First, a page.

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McLaren Vale wineries in a battle for Bushing glory

McLaren Vale wine producers are preparing to battle it out against the best in the nation at the 2006 Commonwealth Bank McLaren Vale Wine Show.

The competition is tough for this year’s coveted Bushing King or Queen title – with six of the region’s premium wineries winning major national wine awards in recent months.

The Bushing King or Queen is selected from trophy-winning winemakers at the show. The tradition has been carried out in the region since the 1970s, and was taken from medieval times when Tavern owners would place ivy bushes above their doors to celebrate the new vintage wine or fresh mead.

The Australian Wine and Brandy Corporation’s Paul Henry will announce the 21 trophy winners, from 46 classes, at the wine show dinner on Friday 20 October.

Adelaide Crows and All Australian player Nathan Bassett will crown the Bushing King or Queen at the winemaker’s showcase luncheon a week later on Friday 27 October.

McLaren Vale Grape, Wine and Tourism Association Wine Show Committee chairman Dan Hills said a 30 per cent increase in entries would make for a tougher competition this year.

He said the increase in entries demonstrated an excitement in the region about the quality of new release wines.

“Both rosé and shiraz have experienced significant growth in entry numbers – with the rosé class growing by 40 per cent and shiraz by 14 per cent since last year. Not surprisingly, the increase in varietal range reflects the region’s diverse growing heritage,” Mr Hills said.

This year, red wines will be split into two categories – wines produced before 2004 and after 2005.

“We introduced this system because we believe it is important to separate aged red wines from their younger counterparts, as the robust characters in young wines tend to overshadow the softer, aged reds,” he said.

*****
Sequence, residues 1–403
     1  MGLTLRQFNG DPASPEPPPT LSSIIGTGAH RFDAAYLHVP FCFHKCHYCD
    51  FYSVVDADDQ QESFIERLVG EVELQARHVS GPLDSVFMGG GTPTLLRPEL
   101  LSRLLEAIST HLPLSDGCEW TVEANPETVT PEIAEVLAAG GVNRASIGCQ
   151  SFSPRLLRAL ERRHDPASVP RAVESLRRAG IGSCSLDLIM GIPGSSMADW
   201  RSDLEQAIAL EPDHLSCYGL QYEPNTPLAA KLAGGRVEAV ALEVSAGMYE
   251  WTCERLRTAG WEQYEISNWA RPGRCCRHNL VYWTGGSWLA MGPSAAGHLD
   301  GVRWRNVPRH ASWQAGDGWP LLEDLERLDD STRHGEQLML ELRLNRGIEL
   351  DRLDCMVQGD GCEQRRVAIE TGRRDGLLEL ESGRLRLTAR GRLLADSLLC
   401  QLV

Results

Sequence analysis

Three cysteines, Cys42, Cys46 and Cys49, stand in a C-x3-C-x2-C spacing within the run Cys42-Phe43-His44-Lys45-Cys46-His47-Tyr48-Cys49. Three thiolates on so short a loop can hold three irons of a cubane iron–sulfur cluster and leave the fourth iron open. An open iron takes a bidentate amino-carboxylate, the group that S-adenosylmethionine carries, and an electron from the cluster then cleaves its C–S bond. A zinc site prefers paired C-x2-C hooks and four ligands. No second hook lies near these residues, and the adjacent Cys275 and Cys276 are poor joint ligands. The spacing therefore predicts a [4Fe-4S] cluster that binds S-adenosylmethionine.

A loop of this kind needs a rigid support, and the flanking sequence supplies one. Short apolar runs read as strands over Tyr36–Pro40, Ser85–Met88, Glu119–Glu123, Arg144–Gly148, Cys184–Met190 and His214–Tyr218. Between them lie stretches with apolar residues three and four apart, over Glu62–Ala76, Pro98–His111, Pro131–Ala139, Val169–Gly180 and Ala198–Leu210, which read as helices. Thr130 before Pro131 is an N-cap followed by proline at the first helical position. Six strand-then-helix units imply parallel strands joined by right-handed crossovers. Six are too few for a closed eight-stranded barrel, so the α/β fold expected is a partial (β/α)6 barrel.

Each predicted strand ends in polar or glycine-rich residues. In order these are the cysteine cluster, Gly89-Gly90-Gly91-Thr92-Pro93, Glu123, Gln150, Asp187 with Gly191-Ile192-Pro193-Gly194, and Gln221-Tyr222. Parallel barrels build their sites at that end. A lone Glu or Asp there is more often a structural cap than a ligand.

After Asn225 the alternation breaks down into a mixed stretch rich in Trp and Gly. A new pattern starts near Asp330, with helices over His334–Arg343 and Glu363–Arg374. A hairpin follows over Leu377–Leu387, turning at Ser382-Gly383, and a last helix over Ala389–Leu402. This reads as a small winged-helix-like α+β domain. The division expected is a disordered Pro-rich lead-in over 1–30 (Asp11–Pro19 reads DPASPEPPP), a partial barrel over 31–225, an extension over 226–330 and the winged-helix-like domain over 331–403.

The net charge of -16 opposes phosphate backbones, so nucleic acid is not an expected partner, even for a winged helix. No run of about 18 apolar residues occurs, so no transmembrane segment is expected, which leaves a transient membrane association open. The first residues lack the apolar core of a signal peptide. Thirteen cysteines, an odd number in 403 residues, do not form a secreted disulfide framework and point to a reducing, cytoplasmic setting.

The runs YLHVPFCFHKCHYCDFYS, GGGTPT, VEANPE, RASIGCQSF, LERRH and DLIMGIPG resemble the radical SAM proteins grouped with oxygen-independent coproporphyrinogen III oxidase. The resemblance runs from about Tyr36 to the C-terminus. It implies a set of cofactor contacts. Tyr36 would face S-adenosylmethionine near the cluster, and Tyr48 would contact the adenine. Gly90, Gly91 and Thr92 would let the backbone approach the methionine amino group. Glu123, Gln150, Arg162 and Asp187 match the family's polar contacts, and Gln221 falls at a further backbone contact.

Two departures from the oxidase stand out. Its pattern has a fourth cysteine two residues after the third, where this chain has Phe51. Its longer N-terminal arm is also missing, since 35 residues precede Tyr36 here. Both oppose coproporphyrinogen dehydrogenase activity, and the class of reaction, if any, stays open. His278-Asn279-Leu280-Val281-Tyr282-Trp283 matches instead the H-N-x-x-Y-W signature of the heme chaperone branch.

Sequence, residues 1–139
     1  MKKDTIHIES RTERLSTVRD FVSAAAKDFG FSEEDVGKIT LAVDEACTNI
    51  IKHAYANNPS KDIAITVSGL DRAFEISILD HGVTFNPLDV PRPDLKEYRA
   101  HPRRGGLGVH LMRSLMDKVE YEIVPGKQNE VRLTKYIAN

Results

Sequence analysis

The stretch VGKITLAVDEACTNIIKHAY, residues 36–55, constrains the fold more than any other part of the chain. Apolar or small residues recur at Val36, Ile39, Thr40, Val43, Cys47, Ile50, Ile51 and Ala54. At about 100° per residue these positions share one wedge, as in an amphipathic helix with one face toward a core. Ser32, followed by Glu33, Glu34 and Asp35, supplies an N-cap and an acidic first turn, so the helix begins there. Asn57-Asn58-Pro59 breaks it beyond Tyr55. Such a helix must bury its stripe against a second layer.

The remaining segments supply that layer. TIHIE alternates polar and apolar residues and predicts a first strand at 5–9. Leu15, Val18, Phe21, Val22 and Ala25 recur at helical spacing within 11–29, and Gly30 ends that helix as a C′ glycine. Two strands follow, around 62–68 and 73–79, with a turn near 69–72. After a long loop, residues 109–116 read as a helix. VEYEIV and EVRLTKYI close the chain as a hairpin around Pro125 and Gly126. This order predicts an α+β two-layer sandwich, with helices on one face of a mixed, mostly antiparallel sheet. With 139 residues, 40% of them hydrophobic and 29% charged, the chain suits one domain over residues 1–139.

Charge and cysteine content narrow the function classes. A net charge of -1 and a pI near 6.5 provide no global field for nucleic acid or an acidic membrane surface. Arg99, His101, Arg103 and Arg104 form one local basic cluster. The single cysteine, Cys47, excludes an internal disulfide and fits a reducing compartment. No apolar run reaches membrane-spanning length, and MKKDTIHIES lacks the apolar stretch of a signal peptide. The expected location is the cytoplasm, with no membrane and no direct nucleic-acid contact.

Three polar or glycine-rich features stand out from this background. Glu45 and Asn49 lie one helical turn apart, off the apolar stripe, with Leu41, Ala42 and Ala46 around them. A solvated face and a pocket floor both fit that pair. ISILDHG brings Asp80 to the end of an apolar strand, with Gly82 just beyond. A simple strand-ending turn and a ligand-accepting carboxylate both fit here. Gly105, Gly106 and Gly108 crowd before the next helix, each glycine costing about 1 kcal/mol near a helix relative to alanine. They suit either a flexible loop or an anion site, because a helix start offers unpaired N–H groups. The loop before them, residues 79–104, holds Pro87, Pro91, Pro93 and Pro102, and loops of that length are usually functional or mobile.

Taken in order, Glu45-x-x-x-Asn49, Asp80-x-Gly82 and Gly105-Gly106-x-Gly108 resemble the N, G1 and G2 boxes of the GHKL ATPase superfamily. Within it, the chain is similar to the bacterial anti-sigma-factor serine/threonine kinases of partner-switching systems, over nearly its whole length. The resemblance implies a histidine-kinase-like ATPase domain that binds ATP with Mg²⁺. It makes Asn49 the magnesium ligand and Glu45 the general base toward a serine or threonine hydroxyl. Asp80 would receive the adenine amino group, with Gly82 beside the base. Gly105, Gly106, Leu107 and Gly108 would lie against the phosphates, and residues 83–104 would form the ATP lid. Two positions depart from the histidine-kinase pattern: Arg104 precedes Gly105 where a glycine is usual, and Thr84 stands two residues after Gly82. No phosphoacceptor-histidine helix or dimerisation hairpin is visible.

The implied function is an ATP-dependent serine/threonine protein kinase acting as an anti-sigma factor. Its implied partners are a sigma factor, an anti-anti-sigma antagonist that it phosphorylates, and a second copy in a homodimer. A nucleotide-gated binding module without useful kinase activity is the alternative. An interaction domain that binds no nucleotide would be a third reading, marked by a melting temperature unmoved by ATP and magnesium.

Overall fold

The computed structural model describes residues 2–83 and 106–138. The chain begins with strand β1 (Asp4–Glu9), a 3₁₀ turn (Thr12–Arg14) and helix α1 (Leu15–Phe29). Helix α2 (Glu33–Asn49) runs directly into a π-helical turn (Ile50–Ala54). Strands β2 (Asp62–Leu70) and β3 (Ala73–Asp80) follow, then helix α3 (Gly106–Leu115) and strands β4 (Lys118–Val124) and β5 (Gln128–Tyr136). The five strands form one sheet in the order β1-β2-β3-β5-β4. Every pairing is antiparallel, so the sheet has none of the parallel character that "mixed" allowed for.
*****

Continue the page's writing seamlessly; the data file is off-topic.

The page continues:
The class structure in the judging line up was also altered to separate the largest shiraz class into over and under a $20 price point.

“We also re-defined several red wine classes so blended wines such as shiraz cabernet and grenache blends can be viewed in their own class.

“The rationale for these changes is simple – new classes have been established to allow the diversity of varietal flavours to stand on their own, rather than be lost in a larger generalised class system. It’s an exciting development,” Mr Hills added.

Scottish wine writer Tom Cannavan was chosen as the international wine judge because of his extensive wine knowledge and to ensure the McLaren Vale Wine Show is judged at an international standard.

Mr Cannavan is a freelance wine writer and author who publishes www.wine-pages.com and edits the bi-monthly magazine Fine Expressions.

The team of Australian judges includes Ian McKenzie, Mike Farmillo, Lester Jesberg, Kate Goodman, Nick Stock and Jeremy Stockman. Mr Hills said the show is one of the first regional shows in the country to use quality Riedel tasting glasses.

“It is an excellent development for us — the judges are looking forward to using the glasses, as it allows wines to be tasted with more clarity.

“Ultimately the feedback helps local winemakers understand why a wine succeeds or how they can develop it further, which is an important part of our wine show,” Mr Hills said.

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